|There you are—stuck in traffic—again. All the lanes are jammed, and you can’t see anything! You start to worry about being late. Just then you hear a knocking sound coming from the engine. Is it the same knock that cost you $346 two weeks ago? On top of it all, it starts to drizzle—and traffic stops completely.“These people don’t know how to drive in the rain!” you think, glaring at strangers in the next car. You feel your neck and shoulders tighten; the throb in your right temple intensifies and spreads across your forehead. “My day is ruined,” your internal voice declares.And it may be. Stress is an internal response to an external event. Since the externals seldom change, how do we change our internal response? Pretend to love traffic jams? Not bloody likely.At WAR With Yourself
Stress is caused by resisting what’s going on. When we resist a traffic jam or a rude person or an uncomfortable situation, we respond with three emotions: worry, anger and resentment.
Notice the first three letters of those words describe the stress response perfectly: WAR, the war within you. If you look at your stress event, you will find that the worry, anger and resentment are not caused by a traffic jam. The traffic jam is merely the trigger that sets off those three emotions inside you. Let’s look at what the true causes may be.
- You worry about being late—where are you going? To a beloved, joy-filled place? Or to a place you’d rather not go, where you feel anxiety and pressure to perform?
- You feel anger at the mechanic who fixed your car, suspecting he didn’t really fix it. Is this suspicion familiar? Do you often mistrust people—and yourself?
- You feel resentment at “these people” who don’t know how to drive as well as you do. Are you often impatient with people who don’t do things exactly as you do?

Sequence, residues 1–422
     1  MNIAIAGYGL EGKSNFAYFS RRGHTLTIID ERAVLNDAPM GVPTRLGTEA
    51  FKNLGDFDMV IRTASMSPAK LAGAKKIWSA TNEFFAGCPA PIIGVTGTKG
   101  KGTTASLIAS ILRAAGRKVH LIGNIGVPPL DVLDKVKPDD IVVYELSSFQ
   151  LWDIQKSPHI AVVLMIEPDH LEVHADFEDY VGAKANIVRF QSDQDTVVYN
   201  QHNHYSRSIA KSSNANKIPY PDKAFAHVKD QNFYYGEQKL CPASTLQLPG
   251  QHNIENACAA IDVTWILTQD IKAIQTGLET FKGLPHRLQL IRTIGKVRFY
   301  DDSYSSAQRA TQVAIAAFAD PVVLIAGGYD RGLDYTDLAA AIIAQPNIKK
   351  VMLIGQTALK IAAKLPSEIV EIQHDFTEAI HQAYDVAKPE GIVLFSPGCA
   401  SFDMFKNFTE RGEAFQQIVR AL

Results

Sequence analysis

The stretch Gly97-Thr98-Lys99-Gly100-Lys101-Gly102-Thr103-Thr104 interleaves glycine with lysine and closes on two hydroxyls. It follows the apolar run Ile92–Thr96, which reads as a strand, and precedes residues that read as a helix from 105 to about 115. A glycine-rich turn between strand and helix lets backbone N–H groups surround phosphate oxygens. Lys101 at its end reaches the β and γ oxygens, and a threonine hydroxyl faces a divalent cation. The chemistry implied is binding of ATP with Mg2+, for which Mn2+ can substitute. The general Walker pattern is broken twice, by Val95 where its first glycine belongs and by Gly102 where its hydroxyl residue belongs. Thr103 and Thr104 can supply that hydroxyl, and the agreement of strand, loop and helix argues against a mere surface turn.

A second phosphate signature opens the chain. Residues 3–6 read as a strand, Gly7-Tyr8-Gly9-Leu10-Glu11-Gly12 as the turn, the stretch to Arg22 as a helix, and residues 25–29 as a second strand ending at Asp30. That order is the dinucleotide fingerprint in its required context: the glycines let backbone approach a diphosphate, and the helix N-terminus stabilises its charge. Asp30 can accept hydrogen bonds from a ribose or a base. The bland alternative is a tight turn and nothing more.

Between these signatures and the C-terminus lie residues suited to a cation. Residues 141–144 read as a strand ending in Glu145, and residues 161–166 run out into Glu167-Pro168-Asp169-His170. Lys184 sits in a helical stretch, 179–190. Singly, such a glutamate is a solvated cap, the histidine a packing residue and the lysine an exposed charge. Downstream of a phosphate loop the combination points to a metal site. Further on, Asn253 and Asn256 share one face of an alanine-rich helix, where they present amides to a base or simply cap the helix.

The Pause That De-stresses
How can we learn to stop fuming and seething in line, and become the person pleasantly chatting with another person?
Let’s look at your first reaction: resistance. There is another reaction: The opposite of resist. Accept. I don’t mean, “Oh goody, traffic jam, oh boy!” I mean, “Ah, a traffic jam. That’s one of the things that drive me crazy, and here it is.” Use humor to accept. Once you accept a situation, you can act upon it. When you’re busy resisting it, you’re paralyzed.
When you accept, you can stop, look and listen. STOP means “push the pause button”. People have an internal “pause button” like the one on the remote control. You can push it and pause while you decide what course of action to take.
LOOK means to recognize and see this is one of your stress triggers, and you have a choice about whether or not to get upset. LISTEN means listen to your inner self which tells you what to do.
There are three alternative actions: adapt, alter or avoid. For the “traffic jam” example, you can eliminate the third one right away—“avoid”. Unless you have a James-Bond-type-car that will sprout wings and fly you over a traffic jam, you can hardly avoid traffic jams all the time.
“Adapt” means adapting yourself to the situation. Listen to entertaining audiotapes in traffic. One of the most useful adaptations is the cell phone—albeit the most expensive.
“Alter” means changing the situation. Finding alternative routes to main roads, starting your journey sooner. Your inner voice will tell you to adapt, alter or avoid. And you will no longer be all stressed up with no place to go.
Our guest contributor for this page is Mimi Donaldson. Mimi is the co-author of the new book, Bless Your Stress: It Means You’re Still Alive! and the best-selling book Negotiating for Dummies. Mimi has been exciting audiences in Fortune 500 companies for over 20 years.
You can contact Mimi at www.mimidonaldson.com or 310-577-0229.____________________________________